League of Ireland legend and Irish U16 coach Paul Osam talks candidly about the heart attack which almost killed him five years ago this month, the vital lessons to be learned from his experience, and the psychological barriers he had to overcome to resume a normal life
League of Ireland legend and Ireland U16 coach Paul Osam offers a frightening insight into the heart attack that almost killed him five years ago, the vital lessons to be learned from his experience, and the psychological barriers he had to overcome to resume a normal life
You could say that Paul Osam wears his heart under his sleeve.
He bares his arm to show the little tattoo above the wrist. The image is of a cardiograph spike alongside a heart symbol surmounting a date in roman numerals: January 16, 2013.
In the wee hours of that morning five years ago, Paul suffered a heart attack which, statistically, he should not have survived. It’s the day the League of Ireland legend, who now manages the Irish U16 team, has come to regard as the borderline between a life lived before and after.
“I had that tattoo done about three or four months later,” he explains. “I wouldn’t be into them, it’s the only one I have. I was thinking: Do I want to forget that date or do I always want to remember it? Maybe it was a bit of a mid-life crisis thing as well (laughs). I wouldn’t say it’s therapeutic but what it is, is a constant reminder for me of how lucky I was.”
Osam, one of the most outstanding and imposing Irish footballers of his generation, had no reason to have concerns about his health when he turned 45 in December 2012.
Despite a 10-a-day cigarette habit, the years of stylishly dominating the midfield battle in all those LOI games still stood to him, so when he began to experience a bout of recurring physical discomfort and sleep disruption in the new year of 2013, he assumed it was something irritating but innocuous, like indigestion.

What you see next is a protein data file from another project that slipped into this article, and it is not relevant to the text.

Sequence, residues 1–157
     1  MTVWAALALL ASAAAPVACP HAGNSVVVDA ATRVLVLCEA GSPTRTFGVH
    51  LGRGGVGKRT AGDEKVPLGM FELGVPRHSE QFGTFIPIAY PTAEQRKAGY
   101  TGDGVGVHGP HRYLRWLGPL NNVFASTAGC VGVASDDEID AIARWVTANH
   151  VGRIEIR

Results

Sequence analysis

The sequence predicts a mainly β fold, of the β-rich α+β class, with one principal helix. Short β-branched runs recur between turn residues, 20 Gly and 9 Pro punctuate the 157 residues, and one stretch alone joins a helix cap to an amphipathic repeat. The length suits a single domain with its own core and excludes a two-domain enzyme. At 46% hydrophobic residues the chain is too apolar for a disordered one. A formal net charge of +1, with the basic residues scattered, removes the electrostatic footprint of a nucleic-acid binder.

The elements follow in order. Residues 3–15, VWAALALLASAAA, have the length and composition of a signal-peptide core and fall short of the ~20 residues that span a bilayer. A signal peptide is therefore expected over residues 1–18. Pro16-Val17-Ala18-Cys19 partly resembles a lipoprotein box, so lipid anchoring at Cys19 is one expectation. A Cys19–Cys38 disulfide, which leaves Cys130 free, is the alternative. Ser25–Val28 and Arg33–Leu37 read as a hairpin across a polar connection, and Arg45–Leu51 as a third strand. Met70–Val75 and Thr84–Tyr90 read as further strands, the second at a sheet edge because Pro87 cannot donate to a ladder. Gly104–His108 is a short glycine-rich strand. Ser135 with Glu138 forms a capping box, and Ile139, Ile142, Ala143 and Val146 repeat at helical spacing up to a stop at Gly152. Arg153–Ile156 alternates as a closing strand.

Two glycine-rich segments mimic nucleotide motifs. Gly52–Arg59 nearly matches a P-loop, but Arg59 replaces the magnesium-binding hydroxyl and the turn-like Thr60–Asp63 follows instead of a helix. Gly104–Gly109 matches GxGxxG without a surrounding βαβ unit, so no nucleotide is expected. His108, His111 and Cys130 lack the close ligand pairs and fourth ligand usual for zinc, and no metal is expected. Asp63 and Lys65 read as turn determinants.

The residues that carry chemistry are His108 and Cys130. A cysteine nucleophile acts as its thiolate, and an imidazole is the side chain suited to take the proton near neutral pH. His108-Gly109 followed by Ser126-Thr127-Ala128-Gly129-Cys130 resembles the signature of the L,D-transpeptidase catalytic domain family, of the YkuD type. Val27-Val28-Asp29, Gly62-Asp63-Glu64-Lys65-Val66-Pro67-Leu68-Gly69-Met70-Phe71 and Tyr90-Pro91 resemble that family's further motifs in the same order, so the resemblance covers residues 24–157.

“For three nights before I had the attack, the only symptom was that I’d wake up at half-four in the morning, nearly like an alarm clock, with this burning sensation in my throat,” he recalls. “I was taking Milk of Magnesia, I was taking Rennies, I was taking everything. Then on that Wednesday when I woke up, the sensation was quite strong, so I woke up my wife, Regina. She said: ‘I’ll go down and heat you up some milk’. Then the sensation got worse, like someone was choking me. And I remember putting my head in between hands and rolling back on the bed. I don’t remember what happened next, because that’s when I passed out.
“My wife told me later that I was gagging then, for about 30 seconds, and she thought I was having a fit. Then I came too and I saw that she was on the phone and she was saying to the paramedic: ‘He’s awake, he’s awake’. He told her to put another pillow under me. I’m sitting up now and I’m sweating but I’m saying to her: ‘I don’t need an ambulance, I’m grand’. The classic macho thing: ‘I’m fine, I’m fine’.
“So I’m lying back on the bed when the ambulance man comes in. ‘Ozo!’ A Pat’s supporter. Genuinely (laughs).
‘Are yeh alright?’
‘Yeah, I’m grand’.
He asks me if I want them to bring up a stretcher and I say no. I get up, throw on t-shirt, a jumper, and pair of tracksuit bottoms, walk down, get into the back of the ambulance and he puts the thing on me. Says my heart seems fine.
“That was the first mention I heard of the heart and I was just thinking, ‘of course my heart’s fine’. But he says they’ll still have to bring me in because I’d passed out.
“When I get to the hospital, I’m brought into a cubicle and a nurse puts on what they call a 12-point ECG — feet, knees, everywhere — which gives a real reading of what’s going on. And I’ll never forget seeing her face when she came back and looked at the trace: Her jaw dropped. I discovered afterward that what the graph showed was that there was little or no blood or oxygen going into the main artery.